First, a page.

It’s interesting that when we talk about the stories that form our way of seeing and being, we infrequently mean positive stories. We almost exclusively build our identities on the ways we aren’t enough, building a wall of failings rather than a pathway of successes. We are quick to catalogue a litany of things about ourselves that we don’t love; they hang off us like invisible weights, heavy and restrictive of freely moving, thinking and being. The first steps in getting to a place where we can surrender and embrace unconditional love is to release the weights. To do this, we have to honestly investigate the roots of our stories, the emotional patterns that sit behind them, then release these as fiction so we can move on to living from fact.
I’ve noticed one of the big impediments for women and amplified for mothers is the capacity to not be enough. Women seem particularly good at the amazing binary of simultaneously being excellent and never being good enough. It’s one of our key multi-tasking achievements. I don’t think I’ve ever met an intelligent, strong, beautiful, compassionate, successful woman (a category that covers all women) who, once you scratch the surface, isn’t racked with the same deep fears and insecurities that seem to universally plague our gender. I have, however, met many men who believe with every cell of their being that they are truly, deeply, contentedly great.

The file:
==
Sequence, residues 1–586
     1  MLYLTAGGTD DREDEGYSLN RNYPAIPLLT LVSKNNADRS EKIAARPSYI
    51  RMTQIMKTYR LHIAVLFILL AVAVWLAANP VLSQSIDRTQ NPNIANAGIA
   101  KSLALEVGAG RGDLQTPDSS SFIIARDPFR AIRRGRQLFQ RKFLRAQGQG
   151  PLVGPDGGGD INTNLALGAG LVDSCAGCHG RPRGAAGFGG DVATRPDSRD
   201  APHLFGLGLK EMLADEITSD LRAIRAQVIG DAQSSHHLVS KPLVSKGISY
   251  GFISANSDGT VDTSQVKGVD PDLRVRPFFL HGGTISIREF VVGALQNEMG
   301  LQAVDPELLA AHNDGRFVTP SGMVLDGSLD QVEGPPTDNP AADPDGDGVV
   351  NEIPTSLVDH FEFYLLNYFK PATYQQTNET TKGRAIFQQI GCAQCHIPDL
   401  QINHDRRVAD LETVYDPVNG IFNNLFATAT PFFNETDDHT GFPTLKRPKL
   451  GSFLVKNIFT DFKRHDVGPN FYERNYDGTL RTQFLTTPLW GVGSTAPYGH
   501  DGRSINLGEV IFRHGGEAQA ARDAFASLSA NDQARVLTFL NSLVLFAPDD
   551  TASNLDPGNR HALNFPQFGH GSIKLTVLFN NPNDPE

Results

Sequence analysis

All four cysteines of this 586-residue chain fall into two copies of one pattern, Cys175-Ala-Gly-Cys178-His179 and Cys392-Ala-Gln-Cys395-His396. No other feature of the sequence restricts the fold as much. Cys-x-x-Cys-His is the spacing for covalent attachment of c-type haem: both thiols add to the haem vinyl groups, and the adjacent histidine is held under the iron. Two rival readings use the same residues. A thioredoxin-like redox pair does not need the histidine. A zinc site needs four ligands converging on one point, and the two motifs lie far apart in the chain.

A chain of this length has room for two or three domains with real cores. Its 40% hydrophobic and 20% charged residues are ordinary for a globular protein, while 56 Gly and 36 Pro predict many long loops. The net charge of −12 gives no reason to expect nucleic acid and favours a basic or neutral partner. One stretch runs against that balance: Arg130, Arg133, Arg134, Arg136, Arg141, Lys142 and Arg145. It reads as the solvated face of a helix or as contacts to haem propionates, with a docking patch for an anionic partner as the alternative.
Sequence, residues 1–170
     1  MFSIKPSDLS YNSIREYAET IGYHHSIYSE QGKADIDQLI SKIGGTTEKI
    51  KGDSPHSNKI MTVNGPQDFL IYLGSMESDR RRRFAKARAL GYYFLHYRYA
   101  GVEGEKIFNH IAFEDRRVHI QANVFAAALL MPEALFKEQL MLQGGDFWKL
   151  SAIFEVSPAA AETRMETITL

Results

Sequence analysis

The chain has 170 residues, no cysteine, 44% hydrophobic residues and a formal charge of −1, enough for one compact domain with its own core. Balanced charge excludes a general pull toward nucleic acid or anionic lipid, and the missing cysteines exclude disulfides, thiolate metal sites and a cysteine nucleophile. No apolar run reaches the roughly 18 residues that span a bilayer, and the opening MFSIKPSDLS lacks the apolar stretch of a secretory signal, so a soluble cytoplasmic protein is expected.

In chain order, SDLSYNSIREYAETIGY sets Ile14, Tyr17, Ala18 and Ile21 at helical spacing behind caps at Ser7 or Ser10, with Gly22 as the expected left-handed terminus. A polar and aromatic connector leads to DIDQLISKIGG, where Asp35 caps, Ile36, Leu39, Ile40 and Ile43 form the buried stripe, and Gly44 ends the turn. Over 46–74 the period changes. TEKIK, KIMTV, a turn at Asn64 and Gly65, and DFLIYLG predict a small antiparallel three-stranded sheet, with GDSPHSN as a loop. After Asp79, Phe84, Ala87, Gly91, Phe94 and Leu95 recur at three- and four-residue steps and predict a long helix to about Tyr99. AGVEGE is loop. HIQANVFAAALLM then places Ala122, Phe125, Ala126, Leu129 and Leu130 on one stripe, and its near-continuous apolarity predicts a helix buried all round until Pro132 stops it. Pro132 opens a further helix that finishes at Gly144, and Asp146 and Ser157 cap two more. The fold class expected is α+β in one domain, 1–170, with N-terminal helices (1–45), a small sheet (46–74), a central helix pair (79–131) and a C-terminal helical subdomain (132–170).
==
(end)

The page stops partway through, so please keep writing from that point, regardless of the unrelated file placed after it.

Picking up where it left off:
This is not a him–her, Mars–Venus, war of the sexes argument; it is, however, truth-speaking regarding the way we as women manage to tease out our every last flaw and fear for the world to critique, when men in most cases are not similarly compelled to be so constantly self-excoriating. Excavating the unreal to make way for the real is not a trivial exercise. Most of the patterns that have clouded the mirror of self begin in childhood, and by the time we have the vision to recognise them as actual impediments, they are well entrenched.
Meditation and yoga can transform your mind. By adopting a yogic lifestyle, the dust begins to be cleared from your self—but it is also a confronting process where long-held and buried parts have to reveal themselves to be processed and integrated. Therapy exists for this reason, and I totally subscribe to utilising professionals when needed to move the healing along when you feel stuck or unable to work the next bit out. The process of addressing the emotional patterns that have developed from childhood is very personal, and you have to work out what best suits your style of emotional and psychological investigation.
Surrender was the key for me—I’d already invested plenty of time and money across years into trying to offload the feeling I wasn’t where I was meant to be or ‘living my Purpose’, and I knew it was within me, not within my circumstance, that these negative and critical feelings and voices arose. It was clear I couldn’t figure it out by myself, and so I literally surrendered to a variety of teachings, teachers and experiences to reveal the answers to me in their own perfect time.